Kennedy Catholic High School dismissed criticism this week that its proposed move of its sports teams from Section 1 to the Catholic High School Athletic Association could gut its girls sports program, an assertion made by a CHSAA official and some parents.
In part, Kennedy spokesperson Alexander Malecki said that, although the CHSAA does not offer girls lacrosse or field hockey, the school plans to move those teams to an independent league that includes teams like Hackley in Tarrytown and Harvey in Katonah.
The proposed moves have the support of former Kennedy athletic director and current field hockey coach Patty Maurer, who said, "I think it's a positive thing for the future of the school."
While part of the shift is clearly fueled by anger over Section 1's decision this year to place Kennedy's baseball and boys basketball teams in big-school Class AA due to their success, concerns about future enrollment also play a part.
Kennedy, which is located in Somers, has 556 students -- 287 girls and 269 boys. Sixty percent play interscholastic sports, although numbers aren't broken down by gender.
But, according to the school's president, Father Mark Vaillancourt, Kennedy is drawing fewer students from Putnam and northern Westchester and more from southern and central Westchester due to the closure of many area Catholic elementary schools.
He argues joining the CHSAA, in which the local region includes nine schools in Manhattan, eight in the Bronx, five on Staten Island and five in Westchester, would attract students.
Malecki said Vaillancourt would wait until hearing what schools Kennedy's teams would likely play before making a final decision. He said no word is expected for about two weeks.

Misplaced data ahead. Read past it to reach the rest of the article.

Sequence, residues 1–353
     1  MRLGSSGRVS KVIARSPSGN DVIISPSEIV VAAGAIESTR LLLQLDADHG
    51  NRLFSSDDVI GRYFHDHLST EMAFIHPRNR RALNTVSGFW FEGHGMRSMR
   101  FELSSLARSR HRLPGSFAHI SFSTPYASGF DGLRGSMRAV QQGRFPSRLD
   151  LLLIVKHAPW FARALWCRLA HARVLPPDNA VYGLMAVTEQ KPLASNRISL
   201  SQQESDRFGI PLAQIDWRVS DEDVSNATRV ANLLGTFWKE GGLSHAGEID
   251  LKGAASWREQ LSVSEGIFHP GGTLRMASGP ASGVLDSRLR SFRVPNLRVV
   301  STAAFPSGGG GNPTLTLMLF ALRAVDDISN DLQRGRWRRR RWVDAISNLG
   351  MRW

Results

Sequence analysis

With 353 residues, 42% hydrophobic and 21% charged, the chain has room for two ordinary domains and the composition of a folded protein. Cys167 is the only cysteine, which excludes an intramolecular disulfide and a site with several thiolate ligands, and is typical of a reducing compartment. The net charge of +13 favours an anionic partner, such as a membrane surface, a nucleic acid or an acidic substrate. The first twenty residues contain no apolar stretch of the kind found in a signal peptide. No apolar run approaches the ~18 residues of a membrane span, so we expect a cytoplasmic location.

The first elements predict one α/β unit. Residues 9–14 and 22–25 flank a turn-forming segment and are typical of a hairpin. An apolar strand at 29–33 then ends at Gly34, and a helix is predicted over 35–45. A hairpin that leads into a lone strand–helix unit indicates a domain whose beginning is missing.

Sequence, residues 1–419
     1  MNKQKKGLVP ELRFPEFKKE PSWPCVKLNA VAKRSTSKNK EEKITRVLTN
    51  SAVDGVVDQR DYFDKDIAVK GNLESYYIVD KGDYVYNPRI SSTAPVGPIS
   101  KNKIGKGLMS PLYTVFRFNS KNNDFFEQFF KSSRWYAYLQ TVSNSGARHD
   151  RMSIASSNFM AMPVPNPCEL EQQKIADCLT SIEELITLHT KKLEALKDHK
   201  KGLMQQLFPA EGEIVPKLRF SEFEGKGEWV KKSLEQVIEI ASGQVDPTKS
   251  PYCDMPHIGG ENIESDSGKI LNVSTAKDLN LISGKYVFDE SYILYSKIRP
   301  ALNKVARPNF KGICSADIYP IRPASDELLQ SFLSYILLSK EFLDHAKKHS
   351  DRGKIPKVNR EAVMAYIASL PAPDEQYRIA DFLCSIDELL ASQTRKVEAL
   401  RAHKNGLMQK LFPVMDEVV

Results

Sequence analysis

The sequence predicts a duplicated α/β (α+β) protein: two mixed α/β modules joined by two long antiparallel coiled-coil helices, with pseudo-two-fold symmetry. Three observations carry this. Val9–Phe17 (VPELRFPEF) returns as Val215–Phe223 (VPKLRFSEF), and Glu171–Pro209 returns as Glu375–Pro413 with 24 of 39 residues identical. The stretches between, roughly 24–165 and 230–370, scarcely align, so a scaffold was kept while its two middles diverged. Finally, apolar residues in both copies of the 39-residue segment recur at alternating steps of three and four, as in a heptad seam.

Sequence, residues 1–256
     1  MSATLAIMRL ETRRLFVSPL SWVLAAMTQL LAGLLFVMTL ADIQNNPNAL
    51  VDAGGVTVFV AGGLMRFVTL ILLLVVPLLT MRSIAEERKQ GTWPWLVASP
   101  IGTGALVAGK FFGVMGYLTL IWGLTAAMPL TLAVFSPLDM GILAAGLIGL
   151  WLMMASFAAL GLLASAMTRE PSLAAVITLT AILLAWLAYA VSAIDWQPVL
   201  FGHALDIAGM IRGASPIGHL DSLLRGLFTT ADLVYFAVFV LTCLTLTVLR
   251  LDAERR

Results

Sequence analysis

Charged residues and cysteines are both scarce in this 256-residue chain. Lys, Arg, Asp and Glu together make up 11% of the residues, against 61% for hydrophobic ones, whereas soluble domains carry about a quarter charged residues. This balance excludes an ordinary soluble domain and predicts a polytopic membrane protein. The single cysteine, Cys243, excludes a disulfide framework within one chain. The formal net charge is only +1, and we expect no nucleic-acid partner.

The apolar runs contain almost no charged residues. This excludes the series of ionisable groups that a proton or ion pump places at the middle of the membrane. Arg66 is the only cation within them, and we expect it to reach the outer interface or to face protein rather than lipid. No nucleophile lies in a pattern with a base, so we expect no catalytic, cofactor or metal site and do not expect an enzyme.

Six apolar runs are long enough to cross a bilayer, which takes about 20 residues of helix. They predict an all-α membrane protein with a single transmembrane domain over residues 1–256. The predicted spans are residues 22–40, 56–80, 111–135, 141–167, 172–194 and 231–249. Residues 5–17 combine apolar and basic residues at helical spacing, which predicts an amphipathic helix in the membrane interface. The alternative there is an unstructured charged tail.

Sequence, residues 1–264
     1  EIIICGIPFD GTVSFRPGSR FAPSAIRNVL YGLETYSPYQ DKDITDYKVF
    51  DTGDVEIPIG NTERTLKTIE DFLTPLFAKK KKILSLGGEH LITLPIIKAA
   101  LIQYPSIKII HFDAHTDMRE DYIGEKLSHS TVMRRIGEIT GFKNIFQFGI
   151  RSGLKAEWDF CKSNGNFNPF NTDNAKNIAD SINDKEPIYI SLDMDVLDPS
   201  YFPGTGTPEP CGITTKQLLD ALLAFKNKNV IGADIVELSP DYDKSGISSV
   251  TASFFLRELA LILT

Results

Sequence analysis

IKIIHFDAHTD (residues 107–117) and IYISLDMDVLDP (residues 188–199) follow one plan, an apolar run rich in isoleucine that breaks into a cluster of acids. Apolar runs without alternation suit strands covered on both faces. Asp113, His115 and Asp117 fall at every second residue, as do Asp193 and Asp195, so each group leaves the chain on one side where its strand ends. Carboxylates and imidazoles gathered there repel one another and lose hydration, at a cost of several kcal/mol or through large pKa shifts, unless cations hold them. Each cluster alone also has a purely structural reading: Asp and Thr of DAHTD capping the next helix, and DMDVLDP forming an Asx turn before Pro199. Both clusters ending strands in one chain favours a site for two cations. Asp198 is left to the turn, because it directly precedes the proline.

Section 1, meanwhile, is forming its fall sports schedules including Kennedy. However, on Tuesday the CHSAA released a football schedule with the Gaels included.
Debate has not centered on football but rather girls teams.
Malecki maintained the school is concerned equally about girls and boys teams and no team would be lost if changes proceed.
The CHSAA would allow Kennedy to potentially bolster enrollment by recruiting for sports. Recruiting is banned in state public high school sports leagues.
But parent Jim Hennessy, who wants parents to vote on the matter, questioned whether lost local competition might translate to lower enrollment.
"No report has been presented to parents about cost savings, potential recruitment and how beneficial it would be to the school. The point is the decision is being made under very questionable grounds," Hennessy said.
Section 1 coordinator Jen Simmons confirmed last week that Kennedy initially sought to keep its girls teams in the section but the section's constitution prohibits schools from separating teams.
Travel and the quality of opponents' gyms and fields for girls are at the center of debate.
In an e-mail, Vaillancourt said, "Kennedy would not compete in Manhattan, outside of tournament play, and trips to Staten Island and other remote distances would be reserved for weekends."
Although declining to name who Vaillancourt spoke to, Malecki, in fact, said all indications are that teams would play a Westchester/Bronx schedule.
But Cardinal Spellman athletic director Jane Morris, the CHSAA's girls soccer chairperson, said the league schedules by skill level, not geography.
As a result, she said Kennedy's girls soccer would likely play on Staten Island and other teams would have Manhattan games.
But, moreover, while Vaillancourt said he'd visited most probable competitors and was "confident" in their facilities, Morris described poor conditions at most all-girls schools -- tiny, low-ceiling gyms and schools using what she described as "a patch of dirt" for softball.
"Coaches use cans of Ajax (to line them)," she said of some, adding many are time-restricted public fields.
"I just can't imagine they did research," she said of Kennedy's administration. "It's not that we don't want you. But you have no idea how far back you're going. He's (Vaillancourt's) hell-bent on doing this for the boys. The boys are not giving anything up.
"In my opinion, they probably should have had scrimmages to see if it's the right move but to come in blind like this it's not going to help their program like they think it is."